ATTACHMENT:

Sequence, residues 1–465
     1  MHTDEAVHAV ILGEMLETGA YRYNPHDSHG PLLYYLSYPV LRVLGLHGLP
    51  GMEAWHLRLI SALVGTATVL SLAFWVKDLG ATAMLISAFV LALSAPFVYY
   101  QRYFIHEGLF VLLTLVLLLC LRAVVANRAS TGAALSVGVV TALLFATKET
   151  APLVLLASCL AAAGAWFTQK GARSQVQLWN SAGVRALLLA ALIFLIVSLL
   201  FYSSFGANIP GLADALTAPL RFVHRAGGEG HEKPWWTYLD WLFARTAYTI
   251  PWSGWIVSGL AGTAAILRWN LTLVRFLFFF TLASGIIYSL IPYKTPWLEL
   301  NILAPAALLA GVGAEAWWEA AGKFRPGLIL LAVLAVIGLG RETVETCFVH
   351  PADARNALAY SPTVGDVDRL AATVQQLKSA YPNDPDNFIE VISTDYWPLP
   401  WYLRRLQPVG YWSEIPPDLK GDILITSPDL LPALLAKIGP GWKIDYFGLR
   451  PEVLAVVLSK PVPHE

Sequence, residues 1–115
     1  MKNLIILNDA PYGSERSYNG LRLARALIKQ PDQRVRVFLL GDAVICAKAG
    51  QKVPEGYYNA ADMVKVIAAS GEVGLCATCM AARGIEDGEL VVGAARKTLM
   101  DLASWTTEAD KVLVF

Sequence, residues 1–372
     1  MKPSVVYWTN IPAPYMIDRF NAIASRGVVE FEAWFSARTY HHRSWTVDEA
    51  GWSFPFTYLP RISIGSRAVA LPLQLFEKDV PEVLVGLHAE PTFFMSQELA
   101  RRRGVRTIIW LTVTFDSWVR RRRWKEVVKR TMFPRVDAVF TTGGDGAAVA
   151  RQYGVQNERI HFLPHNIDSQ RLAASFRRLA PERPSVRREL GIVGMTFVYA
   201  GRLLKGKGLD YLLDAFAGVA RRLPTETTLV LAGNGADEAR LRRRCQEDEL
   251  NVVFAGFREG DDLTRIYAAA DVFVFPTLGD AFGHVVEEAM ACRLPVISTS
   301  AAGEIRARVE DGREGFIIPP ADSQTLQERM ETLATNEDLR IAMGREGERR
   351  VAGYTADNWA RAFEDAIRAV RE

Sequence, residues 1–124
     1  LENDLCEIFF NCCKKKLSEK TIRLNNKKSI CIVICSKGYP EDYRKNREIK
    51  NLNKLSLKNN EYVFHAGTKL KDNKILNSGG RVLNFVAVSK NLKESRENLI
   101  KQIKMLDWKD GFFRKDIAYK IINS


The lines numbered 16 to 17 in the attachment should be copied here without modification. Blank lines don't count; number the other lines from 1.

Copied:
Sequence, residues 1–372
     1  MKPSVVYWTN IPAPYMIDRF NAIASRGVVE FEAWFSARTY HHRSWTVDEA